Layla Zami and Oxana Chi, in cooperation with the International Human Rights Art Festival, have curated Black Queer Night, their celebration for Black History Month. This is a special event that follows up on their Black Herstory Night (2017), and MBDance loves the curators’ intersectional focus. Here’s to being our whole selves!
Maria will share a new section that she is creating for her latest work, (re)Source. It’s a portion that won’t be shared at Open Studios, and it is quite unique. There is a surprise involved, so you don’t want to miss this amazing night!
Maria will share the evening with other incredible artists including Nia & Ness, Layla Zami, and Oxana Chi.
As Artist-in-Residence at Brooklyn Arts Exchange, Maria has been creating a new interdisciplinary work entitled (re)Source. Please join us to see a sneak peek of where (re)Sourceis now, before it is finished, and to see thoughtful and visceral work by the other Artists-in-Residence: Tanisha Christie, Catherine Galasso, luciana achugar, Mariana Valencia, and Aya Ogawa.
Within the U.S. climate of upheaval, fear, and bullying at home and abroad, Maria is focusing on what it takes to get by, get over, survive, and thrive. She’s improvising (danced and spoken) through a beautiful abstracted family tree that she created, picking and scaling her way through and around lineage, resilience, maroonage, family history, and rituals for sustainability.
…I wonder about the nature of interruption, what it means and what it takes to stop, how our rituals can be both spontaneously created and full of meaning at the same time, and what role surrender has in all of this…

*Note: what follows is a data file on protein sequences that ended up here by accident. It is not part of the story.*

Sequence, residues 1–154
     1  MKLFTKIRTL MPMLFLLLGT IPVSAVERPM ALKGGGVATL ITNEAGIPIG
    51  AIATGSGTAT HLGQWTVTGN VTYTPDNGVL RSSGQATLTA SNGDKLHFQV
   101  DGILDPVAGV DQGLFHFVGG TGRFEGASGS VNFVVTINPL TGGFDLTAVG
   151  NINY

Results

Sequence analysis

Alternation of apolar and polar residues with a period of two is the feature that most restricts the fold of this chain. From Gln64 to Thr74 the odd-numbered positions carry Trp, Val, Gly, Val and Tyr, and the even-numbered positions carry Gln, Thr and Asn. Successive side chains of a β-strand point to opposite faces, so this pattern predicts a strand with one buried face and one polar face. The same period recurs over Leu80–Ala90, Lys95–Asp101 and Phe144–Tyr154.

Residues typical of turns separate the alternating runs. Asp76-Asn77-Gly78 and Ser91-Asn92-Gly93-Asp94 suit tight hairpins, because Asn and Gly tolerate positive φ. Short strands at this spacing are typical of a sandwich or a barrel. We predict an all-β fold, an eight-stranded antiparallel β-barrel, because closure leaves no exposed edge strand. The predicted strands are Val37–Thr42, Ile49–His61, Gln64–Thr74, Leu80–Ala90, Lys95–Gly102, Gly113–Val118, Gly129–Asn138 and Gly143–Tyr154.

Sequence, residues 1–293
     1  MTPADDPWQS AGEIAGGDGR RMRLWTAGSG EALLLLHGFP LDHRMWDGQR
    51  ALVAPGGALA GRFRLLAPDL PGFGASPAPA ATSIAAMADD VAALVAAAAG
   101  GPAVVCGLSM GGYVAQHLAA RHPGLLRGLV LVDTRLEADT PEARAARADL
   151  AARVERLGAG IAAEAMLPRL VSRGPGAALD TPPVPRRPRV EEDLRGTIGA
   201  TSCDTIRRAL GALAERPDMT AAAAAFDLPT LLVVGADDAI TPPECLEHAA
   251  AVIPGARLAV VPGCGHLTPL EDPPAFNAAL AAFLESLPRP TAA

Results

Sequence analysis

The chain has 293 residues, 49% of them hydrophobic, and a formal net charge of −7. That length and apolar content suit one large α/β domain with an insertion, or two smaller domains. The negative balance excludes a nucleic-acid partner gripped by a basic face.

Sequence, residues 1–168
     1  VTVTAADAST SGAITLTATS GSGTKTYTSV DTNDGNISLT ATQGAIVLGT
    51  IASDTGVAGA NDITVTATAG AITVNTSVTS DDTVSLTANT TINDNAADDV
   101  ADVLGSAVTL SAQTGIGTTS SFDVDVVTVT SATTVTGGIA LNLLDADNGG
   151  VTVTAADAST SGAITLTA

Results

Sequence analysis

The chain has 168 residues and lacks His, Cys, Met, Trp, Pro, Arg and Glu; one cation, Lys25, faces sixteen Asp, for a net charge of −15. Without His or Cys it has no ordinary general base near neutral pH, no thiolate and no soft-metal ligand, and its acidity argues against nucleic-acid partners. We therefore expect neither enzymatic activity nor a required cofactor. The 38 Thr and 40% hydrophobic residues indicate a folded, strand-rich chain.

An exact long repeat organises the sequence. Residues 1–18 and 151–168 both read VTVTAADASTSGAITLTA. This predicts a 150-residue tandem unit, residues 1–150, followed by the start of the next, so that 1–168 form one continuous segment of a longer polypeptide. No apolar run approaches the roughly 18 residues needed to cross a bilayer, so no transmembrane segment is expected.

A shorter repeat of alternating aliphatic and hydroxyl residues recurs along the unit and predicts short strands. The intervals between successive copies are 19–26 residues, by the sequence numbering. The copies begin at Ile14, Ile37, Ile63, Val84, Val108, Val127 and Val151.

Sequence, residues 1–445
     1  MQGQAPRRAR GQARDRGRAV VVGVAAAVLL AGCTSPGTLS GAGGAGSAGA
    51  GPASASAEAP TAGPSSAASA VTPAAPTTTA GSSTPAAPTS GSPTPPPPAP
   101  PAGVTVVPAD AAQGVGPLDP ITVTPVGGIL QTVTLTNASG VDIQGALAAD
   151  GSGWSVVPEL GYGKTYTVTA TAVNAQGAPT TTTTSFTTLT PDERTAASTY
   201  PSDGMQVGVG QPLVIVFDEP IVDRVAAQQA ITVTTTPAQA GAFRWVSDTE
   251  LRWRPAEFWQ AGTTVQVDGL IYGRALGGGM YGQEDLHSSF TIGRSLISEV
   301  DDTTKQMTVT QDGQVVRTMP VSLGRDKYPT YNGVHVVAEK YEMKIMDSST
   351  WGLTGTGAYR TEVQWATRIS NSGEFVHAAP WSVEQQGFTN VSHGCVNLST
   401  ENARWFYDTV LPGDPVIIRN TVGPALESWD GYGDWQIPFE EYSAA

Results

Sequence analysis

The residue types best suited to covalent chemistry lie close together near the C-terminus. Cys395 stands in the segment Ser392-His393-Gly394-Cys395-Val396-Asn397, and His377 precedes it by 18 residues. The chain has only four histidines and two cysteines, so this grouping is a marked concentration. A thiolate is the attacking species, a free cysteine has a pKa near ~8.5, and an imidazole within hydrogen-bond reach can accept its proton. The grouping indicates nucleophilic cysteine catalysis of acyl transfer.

dying and dying and dying is a meditation on various kinds of endings. Choreographer Maria Bauman feels charged with alive-ness while at the same time embracing the paradox of multiple deaths happening every moment. This work is the result of dancing that paradox. “I notice that I practice dying during my yoga practice in Savansana, or Corpse Pose. Black people are dying at the hands of police in overwhelming numbers and I notice how that makes me urgently aware of my loved ones’ mortality and of my own. I am aware that we are, in fact, dying all the time from the moment we are born. And this constant dying makes me think of capitalism which seems like its opposite—constant producing. I realize that in my own life I want to interrupt capitalism, my internalized prioritizing of doing more and faster, with small deaths—moments of rest, of nothing, of stopping. How do we? Can we?”
The cast includes Maria Bauman, Courtney Cook, Valerie Ifill, Audrey Hailes, and Alicia Raquel with sound and design collaborators Ganessa James, Nicole Cameron, and Ryan Michael Tuerk.
Bauman’s dying and dying and dying will have its New York premiere September 14-16, 2017 at Gibney Dance. This Open Studio showing presents excerpts of the work as it is prepared for presentation the following month. This event will include a Q&A with Bauman and collaborators following the excerpted showing.
dying and dying and dying: Gallery Exhibition will present an installation and monument centered around ancestors, rest, and renewal. Along with a two-channel video installation edited by Ryan Tuerk and Maria Bauman, this exhibition will include a collective memorial created by participants of the Dancing Our Ancestors workshop, and paintings by visual artist and dying and dying and dying cast member Courtney Cook. Cast members will periodically activate the installation with live performance.
Merián Soto, amazing choreographer and improviser, has been creating and presenting solo, group, and collaborative pieces in her native Puerto Rico, across the US and internationally since the mid-seventies. Maria is thrilled to be a guest artist with her! Modes is a breathtaking mix of improvisational dance combined with digital technology showcasing Merián’s longtime investigation of visceral states.